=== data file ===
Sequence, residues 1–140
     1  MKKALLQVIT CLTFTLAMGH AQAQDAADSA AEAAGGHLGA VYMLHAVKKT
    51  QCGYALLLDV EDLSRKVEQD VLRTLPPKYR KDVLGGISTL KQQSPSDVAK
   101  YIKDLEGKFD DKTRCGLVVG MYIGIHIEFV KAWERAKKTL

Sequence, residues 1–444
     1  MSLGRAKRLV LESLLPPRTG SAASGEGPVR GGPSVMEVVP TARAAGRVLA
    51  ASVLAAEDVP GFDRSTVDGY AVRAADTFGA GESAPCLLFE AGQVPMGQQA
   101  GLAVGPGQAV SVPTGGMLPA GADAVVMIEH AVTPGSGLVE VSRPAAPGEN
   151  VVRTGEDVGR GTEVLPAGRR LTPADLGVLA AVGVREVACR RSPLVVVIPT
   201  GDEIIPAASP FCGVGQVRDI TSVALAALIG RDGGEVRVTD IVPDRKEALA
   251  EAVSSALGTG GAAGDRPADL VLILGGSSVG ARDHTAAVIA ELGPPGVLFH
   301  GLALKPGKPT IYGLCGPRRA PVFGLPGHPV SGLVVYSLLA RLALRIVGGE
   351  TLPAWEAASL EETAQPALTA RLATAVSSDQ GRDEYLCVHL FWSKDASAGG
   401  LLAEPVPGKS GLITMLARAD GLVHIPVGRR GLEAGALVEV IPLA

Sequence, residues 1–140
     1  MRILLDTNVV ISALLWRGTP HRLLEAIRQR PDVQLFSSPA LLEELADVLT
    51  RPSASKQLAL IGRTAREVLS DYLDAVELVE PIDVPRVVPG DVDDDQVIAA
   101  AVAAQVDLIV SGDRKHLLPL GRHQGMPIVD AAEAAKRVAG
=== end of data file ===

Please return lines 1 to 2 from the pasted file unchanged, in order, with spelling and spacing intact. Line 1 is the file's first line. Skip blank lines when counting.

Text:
Sequence, residues 1–140
     1  MKKALLQVIT CLTFTLAMGH AQAQDAADSA AEAAGGHLGA VYMLHAVKKT